Lord Shiva and Rishi Dadhichi
Rishi Dadhichi is one of the foremost sages in the Hindu mythology. Having been born in the family of Bhrigu, he is credited with the creation of the Prasna Upanishad. It is however his connection to Lord Shiva that makes him all the more interesting. The most powerful thread that joins Lord Shiva and Rishi Dadhichi is the Goddess Adi-Shakti in her avatar as Sati and then as Parvati. Located in the Misrikh region of Naimisharanya, close to the modern day city of Lucknow, Rishi Dadhichi’s ashram was the abode of refuge for Sati as she grew up through childhood. Away from her prejudiced and vain father, King Daksha, Sati learnt from Rishi Dadhichi about the subtle balance of power between the creators and their creations. She learnt that Shiva was an inimitable part of the Hindu tridev, and that the continuation of the process of life ad evolution of time was not possible unless the principles of creation, preservation and destruction came to bear upon all of the universe.
Shiva’s asceticism and its underlying meaning was first made clear to Sati by Rishi Dadhichi. Shiva was not a deranged begger. Roaming in tiger skin and smeared ash all over himself- Such severe avoidance of materiality was only symbolic of disillusionment and consequent escape from the snares of the material world. Trappings of wealth, power and manifest authority serve to blind the best of humans, and Brahma’s human son Daksha was no exception. He found Shiva’s apparent lack of wealth and rustic appearance unacceptable. However on the insistence of his father Brahma he had reluctantly allowed the marriage of Sati and Shiva.
To appease his sense of affront however, Daksha went on to plot and subsequently insulted Shiva by not not inviting him on a Yajna and then by publicly lampooning Shiva and Sati at his Yajna. The first person to have strongly objected to this impunity on Daksha’s part was Rishi Dadhichi. He was also the first one to leave the great gathering called by Daksh for said Yajna.
After the passing away of Sati, and her reincarnation as Parvati, Rishi Dadhichi made it his personal point to visit the Parvat Naresh (King of Mountains) Himvan to train his daughter in the ways of Shiva worship. Owing to his great devotion, Shiva had blessed him with a boon that had transformed his very bones into thunder. Shiva also taught the spirit of the Mahamrityunjay Mantra to Dadhichi, hitherto unknown to any other mortal. Dadhichi was also gifted the boon of knowing about the secrets of the creation of the world and the universe. These are knowledge that Dadhichi had passed on to Devi Parvati, with the help of Goddess of Wisdom-Goddess Saraswati. It is through Goddess Parvati’s later avatars that a lot more positive things happened in the future to extol the virtues of Shiva and Shakti.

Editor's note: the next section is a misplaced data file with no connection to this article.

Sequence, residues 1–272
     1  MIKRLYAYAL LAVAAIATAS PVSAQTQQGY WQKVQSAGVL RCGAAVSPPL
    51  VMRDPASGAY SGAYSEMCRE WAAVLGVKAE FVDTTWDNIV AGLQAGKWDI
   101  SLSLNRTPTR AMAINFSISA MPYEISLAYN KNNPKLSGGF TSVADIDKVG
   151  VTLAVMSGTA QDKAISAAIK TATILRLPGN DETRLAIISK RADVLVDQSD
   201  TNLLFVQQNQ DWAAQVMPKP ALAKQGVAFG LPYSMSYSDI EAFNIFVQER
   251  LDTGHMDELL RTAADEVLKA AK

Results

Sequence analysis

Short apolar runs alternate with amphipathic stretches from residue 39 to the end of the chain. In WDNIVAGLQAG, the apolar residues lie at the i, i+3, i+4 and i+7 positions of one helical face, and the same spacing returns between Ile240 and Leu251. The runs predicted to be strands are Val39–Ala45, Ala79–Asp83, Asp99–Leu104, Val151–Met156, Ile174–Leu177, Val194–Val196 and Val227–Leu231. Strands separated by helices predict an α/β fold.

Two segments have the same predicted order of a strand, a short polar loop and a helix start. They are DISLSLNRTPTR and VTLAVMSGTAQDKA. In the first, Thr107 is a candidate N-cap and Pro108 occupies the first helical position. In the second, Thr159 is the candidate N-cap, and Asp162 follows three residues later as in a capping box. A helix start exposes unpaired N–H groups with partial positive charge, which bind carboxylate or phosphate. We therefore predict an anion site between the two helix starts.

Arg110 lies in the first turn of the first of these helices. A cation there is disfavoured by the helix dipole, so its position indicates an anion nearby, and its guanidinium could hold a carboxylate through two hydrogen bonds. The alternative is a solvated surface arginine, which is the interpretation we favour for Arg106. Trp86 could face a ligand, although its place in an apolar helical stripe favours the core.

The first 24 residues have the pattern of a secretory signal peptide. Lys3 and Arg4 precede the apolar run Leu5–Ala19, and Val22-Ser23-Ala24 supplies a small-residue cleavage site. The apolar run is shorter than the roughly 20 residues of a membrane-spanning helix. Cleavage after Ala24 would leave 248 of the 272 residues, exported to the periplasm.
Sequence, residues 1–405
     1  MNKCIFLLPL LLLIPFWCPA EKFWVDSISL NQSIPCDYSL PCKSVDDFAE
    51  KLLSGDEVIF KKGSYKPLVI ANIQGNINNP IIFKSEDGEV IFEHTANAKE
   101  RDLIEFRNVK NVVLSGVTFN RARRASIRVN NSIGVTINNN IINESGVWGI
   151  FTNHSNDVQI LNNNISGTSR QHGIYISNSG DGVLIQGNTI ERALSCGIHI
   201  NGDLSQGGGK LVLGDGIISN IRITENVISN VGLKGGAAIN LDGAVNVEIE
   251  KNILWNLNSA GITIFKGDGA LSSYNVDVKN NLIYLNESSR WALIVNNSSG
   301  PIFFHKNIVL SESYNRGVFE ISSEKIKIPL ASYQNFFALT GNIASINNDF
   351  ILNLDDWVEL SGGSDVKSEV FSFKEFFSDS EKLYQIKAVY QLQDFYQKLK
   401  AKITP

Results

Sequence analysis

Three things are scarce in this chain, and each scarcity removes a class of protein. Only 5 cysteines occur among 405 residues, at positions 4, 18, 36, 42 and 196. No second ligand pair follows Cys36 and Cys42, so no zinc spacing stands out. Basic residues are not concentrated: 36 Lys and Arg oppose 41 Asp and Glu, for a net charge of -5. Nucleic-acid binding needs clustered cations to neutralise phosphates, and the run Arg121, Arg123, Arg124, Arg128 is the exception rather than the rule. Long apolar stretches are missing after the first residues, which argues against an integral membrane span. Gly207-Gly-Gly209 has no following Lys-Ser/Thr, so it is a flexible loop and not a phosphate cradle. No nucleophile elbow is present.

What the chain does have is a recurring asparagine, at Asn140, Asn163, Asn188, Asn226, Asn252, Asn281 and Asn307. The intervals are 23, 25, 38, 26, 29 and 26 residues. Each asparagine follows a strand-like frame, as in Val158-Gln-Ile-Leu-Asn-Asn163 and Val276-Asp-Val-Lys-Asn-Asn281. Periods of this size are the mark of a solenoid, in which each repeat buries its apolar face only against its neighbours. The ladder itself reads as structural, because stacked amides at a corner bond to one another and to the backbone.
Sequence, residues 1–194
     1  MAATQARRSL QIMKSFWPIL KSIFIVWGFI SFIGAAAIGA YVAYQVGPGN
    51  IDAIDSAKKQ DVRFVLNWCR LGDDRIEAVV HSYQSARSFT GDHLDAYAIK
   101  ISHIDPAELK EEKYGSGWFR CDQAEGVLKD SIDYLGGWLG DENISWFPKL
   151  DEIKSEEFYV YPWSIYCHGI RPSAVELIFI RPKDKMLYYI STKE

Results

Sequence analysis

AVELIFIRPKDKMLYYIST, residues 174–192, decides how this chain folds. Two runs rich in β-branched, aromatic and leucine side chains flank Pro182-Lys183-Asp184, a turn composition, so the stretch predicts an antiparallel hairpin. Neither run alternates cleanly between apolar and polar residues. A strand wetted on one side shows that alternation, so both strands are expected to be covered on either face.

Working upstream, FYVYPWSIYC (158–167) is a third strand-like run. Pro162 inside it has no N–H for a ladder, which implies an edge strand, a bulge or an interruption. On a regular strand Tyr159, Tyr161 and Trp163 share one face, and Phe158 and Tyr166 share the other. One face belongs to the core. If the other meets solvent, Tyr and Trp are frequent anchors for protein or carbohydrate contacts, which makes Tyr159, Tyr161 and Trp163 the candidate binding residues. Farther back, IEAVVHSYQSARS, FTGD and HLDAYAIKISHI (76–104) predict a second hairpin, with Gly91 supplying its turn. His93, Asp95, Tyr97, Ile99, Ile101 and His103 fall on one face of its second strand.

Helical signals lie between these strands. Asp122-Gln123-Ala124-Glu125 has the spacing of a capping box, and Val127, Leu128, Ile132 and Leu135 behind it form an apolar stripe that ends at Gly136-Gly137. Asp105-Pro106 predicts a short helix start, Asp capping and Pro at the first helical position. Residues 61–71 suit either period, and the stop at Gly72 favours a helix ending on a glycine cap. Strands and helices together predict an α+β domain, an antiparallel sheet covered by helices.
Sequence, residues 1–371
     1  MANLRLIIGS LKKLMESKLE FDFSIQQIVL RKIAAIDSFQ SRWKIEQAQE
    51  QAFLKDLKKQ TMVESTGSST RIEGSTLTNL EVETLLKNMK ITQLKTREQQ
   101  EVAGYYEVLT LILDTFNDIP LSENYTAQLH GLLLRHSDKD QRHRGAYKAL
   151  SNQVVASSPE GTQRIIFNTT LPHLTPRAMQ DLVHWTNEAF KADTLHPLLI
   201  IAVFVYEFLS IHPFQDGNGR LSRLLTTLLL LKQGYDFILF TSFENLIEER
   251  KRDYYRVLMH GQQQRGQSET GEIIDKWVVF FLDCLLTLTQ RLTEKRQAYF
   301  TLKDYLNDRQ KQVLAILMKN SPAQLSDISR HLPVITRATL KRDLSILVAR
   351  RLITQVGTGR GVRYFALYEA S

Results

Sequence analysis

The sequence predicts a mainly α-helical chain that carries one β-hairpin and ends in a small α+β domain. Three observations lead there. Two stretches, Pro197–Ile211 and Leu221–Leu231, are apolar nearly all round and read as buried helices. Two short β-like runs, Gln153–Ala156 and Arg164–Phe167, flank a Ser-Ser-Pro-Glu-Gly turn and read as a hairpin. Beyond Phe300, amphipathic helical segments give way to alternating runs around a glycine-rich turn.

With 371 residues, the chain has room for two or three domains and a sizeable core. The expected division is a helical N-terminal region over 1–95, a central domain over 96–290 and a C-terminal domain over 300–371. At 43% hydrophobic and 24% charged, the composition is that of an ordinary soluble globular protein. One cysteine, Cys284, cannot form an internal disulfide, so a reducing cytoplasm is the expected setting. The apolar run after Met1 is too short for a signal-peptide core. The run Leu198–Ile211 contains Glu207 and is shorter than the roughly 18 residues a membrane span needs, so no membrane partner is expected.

The most influential lesson though that one may draw from the example of Lord Shiva and Rishi Dadhichi is the event where Rishi Dadhichi’s power of Bhakti for Lord Shiva reaches its zenith. The Demons under the leadership of Vritasura, one of the sons of Danu- the mother of the Danav Race, had earned the boon of being immune to all conventional weapons made of steel, iron and wood. The Devas faced crushing defeats at his hands and the King of Gods Indra had his jaws broken, such was the power of Vritasura. Desperate, the Gods went to Lord Vishnu for advice. Lord Vishnu told them, Vritasura could only be slain by weapons forged by the bones of a powerful sage. Unsure about which sage would willingly give up his life for Indra, the Gods asked for further guidance. Lord Vishnu named Rishi Dadhichi as the most suitable candidate.
Indra was troubled to go to Rishi Dadhichi for he had on a previous occasion challenged and beheaded Rishi Dadhichi for teaching the Madhuvidya (the knowledge of reinstating life in a dead body) to the Ashwini twins (Gods of sunrise and Sunset, who brought prosperity to men and removed obstacles). The Ashwini twins had saved Dadhichi using the Madhuvidya. Indra was uncertain if Rishi Dadhichi would curse him and make his life more miserable on account of his request. Rishis were known to have the power to curse Gods to terrible plights.
Given his predicament however, Indra was out of options and had to go to Rishi Dadhichi. Lord Shiva and Rishi Dadhichi were so evenly in sync with the principles of asceticism that the great Rishi agreed to give up his life for the greater good. His bones, he said, would be better off as weapons of Gods rather than being buried somewhere in the ground. Dadhichi used his boon of invincibility from Lord Shiva to help Indra, despite Indra’s prior affront, because it was the greater good that was at risk from the menace of Vritasura. Such forms of ultimate sacrifice can be made only by those who place absolutely no value on their own person, considering even their bodies as matter that would eventually be subject to decay, therefore not worthy of being clung to. The relationship between Lord Shiva and Rishi Dadhichi tests the latter’s resolve to the fullest and he wins moksha with his perseverance and dedication to the divine will.